Academic journal article Journal of Risk and Insurance

Compensation for Personal Injuries: A Review of Recent Legal and Insurance Developments in the UK

Academic journal article Journal of Risk and Insurance

Compensation for Personal Injuries: A Review of Recent Legal and Insurance Developments in the UK

Article excerpt

The purpose of the first part of this paper is to explore the principles which govern the award of damages for personal injury under English law. We show here that the traditional judicial approach to damages has a natural interpretation as a means of computing the present value of expected loss. The purpose of the second part is to apply the model to the debate going on in England at present as to how best the law in this area may be reformed in the light of the development of "structured settlements." The rapid growth of structuring is explained by reference to the advantages current arrangements (most notably the agreement struck between the Inland Revenue and the Association of British Insurers as to the tax treatment of annuities) offer to insurers, although we do not offer a full public choice treatment of the development of policy in this area.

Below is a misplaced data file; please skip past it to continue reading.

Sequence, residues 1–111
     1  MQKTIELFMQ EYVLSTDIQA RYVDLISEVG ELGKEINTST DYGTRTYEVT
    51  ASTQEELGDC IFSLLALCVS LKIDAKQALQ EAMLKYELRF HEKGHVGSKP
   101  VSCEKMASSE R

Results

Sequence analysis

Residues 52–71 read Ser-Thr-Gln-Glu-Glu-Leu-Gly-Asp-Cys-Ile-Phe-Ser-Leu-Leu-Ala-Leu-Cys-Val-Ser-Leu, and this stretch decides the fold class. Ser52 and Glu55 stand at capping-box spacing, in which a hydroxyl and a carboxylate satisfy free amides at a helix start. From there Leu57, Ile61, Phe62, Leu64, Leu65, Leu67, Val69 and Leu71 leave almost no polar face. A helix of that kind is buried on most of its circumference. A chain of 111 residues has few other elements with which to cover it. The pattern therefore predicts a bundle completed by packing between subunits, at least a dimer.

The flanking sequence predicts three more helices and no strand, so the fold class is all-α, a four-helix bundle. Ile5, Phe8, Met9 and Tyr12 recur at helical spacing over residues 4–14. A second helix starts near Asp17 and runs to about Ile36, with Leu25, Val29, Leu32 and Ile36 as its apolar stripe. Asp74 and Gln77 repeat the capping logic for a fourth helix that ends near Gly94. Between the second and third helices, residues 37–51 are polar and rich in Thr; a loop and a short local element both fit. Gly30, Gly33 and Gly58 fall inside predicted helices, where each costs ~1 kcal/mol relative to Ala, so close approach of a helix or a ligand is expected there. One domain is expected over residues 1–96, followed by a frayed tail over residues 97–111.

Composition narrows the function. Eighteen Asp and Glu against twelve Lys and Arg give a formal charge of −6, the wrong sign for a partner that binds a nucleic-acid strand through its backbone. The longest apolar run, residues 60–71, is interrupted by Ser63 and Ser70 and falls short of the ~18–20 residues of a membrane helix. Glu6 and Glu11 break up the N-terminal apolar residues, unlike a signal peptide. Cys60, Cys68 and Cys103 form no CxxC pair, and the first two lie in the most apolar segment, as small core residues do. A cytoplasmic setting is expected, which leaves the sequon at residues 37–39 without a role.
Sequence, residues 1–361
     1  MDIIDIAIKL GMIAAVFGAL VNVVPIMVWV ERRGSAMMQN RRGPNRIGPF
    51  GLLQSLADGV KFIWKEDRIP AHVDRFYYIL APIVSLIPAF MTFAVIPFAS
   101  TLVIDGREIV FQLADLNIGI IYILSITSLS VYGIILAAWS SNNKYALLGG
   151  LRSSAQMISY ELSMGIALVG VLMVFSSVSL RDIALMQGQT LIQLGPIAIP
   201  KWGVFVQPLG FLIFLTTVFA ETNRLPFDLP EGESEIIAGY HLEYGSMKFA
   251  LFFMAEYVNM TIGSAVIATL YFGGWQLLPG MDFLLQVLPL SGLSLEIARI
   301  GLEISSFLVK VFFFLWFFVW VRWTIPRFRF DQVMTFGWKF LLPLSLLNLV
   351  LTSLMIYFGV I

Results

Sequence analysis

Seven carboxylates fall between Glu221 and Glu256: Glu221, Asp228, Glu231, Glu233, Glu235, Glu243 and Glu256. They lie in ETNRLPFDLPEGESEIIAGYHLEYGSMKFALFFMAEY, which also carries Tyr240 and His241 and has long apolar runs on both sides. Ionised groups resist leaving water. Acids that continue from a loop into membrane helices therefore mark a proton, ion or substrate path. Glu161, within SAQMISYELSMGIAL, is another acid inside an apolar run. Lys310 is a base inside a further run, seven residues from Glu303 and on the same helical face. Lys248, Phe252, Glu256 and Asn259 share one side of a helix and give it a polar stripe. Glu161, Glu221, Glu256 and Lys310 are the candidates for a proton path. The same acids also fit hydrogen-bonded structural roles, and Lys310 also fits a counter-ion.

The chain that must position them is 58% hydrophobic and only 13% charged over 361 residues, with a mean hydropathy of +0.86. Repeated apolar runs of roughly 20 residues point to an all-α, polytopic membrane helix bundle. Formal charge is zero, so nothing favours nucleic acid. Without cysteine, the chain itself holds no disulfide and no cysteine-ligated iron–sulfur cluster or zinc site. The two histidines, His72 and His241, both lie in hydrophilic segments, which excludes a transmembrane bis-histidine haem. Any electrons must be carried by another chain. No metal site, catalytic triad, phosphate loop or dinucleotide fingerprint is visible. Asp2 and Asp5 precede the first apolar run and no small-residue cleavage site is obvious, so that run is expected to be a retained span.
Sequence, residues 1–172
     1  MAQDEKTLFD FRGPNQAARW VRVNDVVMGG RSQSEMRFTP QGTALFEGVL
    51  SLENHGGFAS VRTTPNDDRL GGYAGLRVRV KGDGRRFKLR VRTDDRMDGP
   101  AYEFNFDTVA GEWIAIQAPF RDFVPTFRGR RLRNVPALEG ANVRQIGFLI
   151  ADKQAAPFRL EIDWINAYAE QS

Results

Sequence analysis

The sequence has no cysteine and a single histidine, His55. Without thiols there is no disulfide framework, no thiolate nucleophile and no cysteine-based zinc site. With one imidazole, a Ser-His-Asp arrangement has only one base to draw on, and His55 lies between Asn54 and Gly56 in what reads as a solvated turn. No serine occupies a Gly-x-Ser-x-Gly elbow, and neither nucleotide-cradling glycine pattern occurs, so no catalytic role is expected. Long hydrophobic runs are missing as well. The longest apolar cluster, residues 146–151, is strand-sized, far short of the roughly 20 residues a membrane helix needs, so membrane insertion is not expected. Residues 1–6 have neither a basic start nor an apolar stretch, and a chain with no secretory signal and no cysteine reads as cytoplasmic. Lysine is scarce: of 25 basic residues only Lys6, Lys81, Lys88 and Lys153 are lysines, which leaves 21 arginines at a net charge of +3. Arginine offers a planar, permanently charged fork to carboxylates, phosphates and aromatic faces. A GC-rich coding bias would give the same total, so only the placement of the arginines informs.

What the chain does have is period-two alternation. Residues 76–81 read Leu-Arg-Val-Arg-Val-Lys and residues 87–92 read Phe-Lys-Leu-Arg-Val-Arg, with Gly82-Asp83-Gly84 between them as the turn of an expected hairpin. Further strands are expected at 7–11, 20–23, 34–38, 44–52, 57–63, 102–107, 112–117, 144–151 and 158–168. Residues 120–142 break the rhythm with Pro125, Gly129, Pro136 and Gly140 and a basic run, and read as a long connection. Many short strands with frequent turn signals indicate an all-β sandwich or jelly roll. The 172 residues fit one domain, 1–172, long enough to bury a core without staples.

The economic model of accident law familiar from the literature is usually based on the assumption that judges make awards of damages which reflect accurately the plaintiff's losses (see for example Shavell, 1987.) Claims about the efficiency of negligence rules rely on such assumptions, and yet much of the literature concerns itself with matters of detail about the structure of the liability rules and ignores the question of whether courts, in practice, are making reliable estimates of losses. …

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